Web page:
The City Needs to Rethink Their Solution

Today, although a bit rainy, is the first day of Poly Gras. A response to the heavy handed police shut down of the San Luis Obispo’s Mardi Gras celebration last week. It’s been a low murmur around campus this week that the big party is this weekend, but it seems like the hype is going to be a lot bigger than the actual event. I was surprised to hear a radio DJ promote Poly Gras and the news media have been having a lot of fun speculating on what will happen. In fact KSBY 6 has a news team on the streets tonight to get the scoop on the big party. According to the official Poly Gras website,, the main party will be tomorrow night.

I’ve been absent from the college party scene so far, I mean, I’ve only been in college for 5 years! However, I have seen enough in my time here to know that the average college student thinks getting wasted and parting hard is a normal part of college life. I disagree, but I think that the average student adopts this mantra.

This last Friday as I was leaving class to return to my car I passed by Mustang Stadium and California Blvd. I was shocked to see more police than I had ever seen in my life congregating on the now closed California Blvd. The police (all 400 of them) were in cars, vans, ATVs, motorcycles, and bikes. They had closed California Blvd. from Foothill at the South end of campus to Perimeter Blvd. at the North end. Even though I had done nothing wrong I was rather intimidated as I had to pass a group of 7 officers on the way to my car. It seemed that the officers were bored and I felt like if I sneezed the wrong way they might detain me just to give them something to do.

My intimidation quickly turned to annoyance as I entered my car and attempted to drive down the closed portion of California Blvd. (my only exit route) only to have an officer stop his car directly in front of me. He then left his car and started talking with another officer apparently oblivious that I was there! He talked and talked and I debated on what to do. He finally noticed me after I revved my engine a bit and he shut his door, acting rather annoyed himself, and signaled for me to go around him. Normally I would drive straight ahead the ¼ mile to the freeway onramp, but instead I was directed left onto campus and had to circle my way around to the opposite side of school near the dorms to get on the freeway. For those of you who are not familiar with the route my normal route is ¼ mile and 1 signal and the new one was who know how far with 4 turns and 8 or 9 stop signs and signals!

Okay, I?’m whining I know, but I’?m relating my story to make a point. The riots of last year?s Mardi Gras shut down the very intersection that the police decided to shut down this year. If the police were in San Luis to protect the innocent and preserve our tranquil way of life then why were they making more of a disturbance than anyone else! Maybe I?’m missing the point of why they were there. Maybe the police were called into San Luis to annoy the innocent and disrupt our tranquility! I am grateful for all the dedicated law enforcement officers who struggle to enforce the law and before my ?run in? with SLO’?s army I really was apathetic to the entire Mardi Gras debate, but after seeing first hand what 400 police look like and how well they did at acting like arrogant thugs I was feeling pretty rebellious myself and felt like causing a little civil disobedience. Don’?t worry mom and dad I?’m smart enough not to do anything but I can’?t blame those advocating a response to last weekend?s urban lock down.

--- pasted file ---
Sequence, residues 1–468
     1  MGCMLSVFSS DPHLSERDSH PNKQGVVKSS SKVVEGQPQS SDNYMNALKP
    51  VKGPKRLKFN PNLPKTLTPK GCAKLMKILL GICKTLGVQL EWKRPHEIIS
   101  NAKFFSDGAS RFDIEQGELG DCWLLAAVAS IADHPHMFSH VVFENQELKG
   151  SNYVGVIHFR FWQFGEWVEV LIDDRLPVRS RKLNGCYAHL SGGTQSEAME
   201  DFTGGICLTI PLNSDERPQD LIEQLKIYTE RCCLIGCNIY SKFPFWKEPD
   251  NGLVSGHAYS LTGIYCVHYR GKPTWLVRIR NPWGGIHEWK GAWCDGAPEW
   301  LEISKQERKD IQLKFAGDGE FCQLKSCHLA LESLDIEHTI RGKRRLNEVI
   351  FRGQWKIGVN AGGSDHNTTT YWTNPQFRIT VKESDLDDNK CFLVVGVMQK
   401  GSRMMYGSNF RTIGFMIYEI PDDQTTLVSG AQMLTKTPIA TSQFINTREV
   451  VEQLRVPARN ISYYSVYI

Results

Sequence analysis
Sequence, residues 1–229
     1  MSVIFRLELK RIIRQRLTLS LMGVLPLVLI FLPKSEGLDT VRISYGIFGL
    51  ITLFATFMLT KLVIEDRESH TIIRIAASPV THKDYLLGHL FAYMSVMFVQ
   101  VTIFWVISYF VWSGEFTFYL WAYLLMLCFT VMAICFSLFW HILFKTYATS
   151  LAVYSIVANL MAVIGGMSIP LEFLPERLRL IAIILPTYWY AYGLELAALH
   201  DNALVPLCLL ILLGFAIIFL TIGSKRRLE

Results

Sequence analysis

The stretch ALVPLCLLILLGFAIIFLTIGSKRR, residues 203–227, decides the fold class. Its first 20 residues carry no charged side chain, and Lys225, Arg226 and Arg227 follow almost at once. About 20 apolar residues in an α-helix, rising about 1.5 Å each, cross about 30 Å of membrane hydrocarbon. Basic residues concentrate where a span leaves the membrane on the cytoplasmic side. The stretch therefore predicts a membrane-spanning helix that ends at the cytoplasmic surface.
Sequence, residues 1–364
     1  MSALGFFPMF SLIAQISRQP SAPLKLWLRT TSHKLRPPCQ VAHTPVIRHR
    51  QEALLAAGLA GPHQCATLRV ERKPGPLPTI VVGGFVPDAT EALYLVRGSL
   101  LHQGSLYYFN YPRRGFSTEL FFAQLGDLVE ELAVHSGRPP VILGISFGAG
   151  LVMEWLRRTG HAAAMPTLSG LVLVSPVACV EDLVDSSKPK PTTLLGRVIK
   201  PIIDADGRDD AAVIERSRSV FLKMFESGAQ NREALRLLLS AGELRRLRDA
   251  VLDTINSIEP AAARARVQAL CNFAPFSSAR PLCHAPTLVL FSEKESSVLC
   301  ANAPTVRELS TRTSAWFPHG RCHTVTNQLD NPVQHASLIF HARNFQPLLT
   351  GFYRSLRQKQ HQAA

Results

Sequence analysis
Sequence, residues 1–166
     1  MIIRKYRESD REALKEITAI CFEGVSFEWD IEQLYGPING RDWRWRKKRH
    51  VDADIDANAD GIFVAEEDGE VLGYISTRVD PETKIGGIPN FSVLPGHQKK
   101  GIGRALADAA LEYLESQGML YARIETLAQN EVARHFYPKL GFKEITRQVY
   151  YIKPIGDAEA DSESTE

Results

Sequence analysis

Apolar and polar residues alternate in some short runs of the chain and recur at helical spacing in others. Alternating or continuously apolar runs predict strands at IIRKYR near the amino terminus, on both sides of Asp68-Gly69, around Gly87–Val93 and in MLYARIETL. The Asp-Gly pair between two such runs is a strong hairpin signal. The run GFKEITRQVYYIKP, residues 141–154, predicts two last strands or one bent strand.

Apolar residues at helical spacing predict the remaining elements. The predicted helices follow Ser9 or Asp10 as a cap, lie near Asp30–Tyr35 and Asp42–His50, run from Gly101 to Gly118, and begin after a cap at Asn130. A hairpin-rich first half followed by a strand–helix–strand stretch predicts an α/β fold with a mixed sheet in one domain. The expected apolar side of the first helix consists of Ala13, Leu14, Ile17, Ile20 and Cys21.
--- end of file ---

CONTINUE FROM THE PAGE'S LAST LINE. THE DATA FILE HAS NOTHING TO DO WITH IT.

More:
Whatever happens this weekend I?ll be at home in bed, but San Luis Obispo’?s dud of a mayor, Dave Romero, needs to rethink how he plans to ?deal? with the single most powerful economic force in his city and the county. People don’?t respond well to what they see as an unjust and unreasonable attempt to control them and that especially holds true for 18-25 year olds. The aristocracy of San Luis Obispo looks down at the students of Cal Poly as a force to be controlled and dealt with. Instead why don’?t they try to work with the majority of students who don?’t want to cause trouble but just want to have fun and enjoy there independence from mom and pop?

Some suggestions: Why doesn’?t the city zone a portion of the city surrounding the school as Educational housing? This zone could have more relaxed noise and public disturbance regulations and everyone would know that if you want to party you do it in the party zone. This would allow police to focus their attention on the more severe incidents and not waste time breaking up noisy parties. To deal with Mardi Gras and out of town visitors causing problems the city shouldn’?t say that ?out of towners are not welcome? since tourism is a large part of San Luis? economy; instead everyone should be welcome. As with any other day of the year, if you break the law you pay. I?’m sure that this last weekend the bars, clubs, and markets would have enjoyed the extra revenue. Last year?’s riots were started by a misunderstanding between police trying to break up a party and the party goers. If there had been more lenient laws last year there wouldn’?t have been a problem, and then the city wouldn’?t have had to spend so much money this year to just postpone the party for a week.

I must give the city counsel some credit as they decided not to continue the triple fines this weekend, however I heard on the news that they hope the students ?hold up their end of the deal? by not causing trouble. The students never made a deal with the city, but that?s a different story. The city does show a bit of understanding of the situation, however, by not continuing the ?police state? approach.

The conflict between the school and the city has been going on since the school was opened and if the city doesn’?t want to escalate the problem they need to rethink their solution.

For more on the Mardi Gras and Poly Gras visit: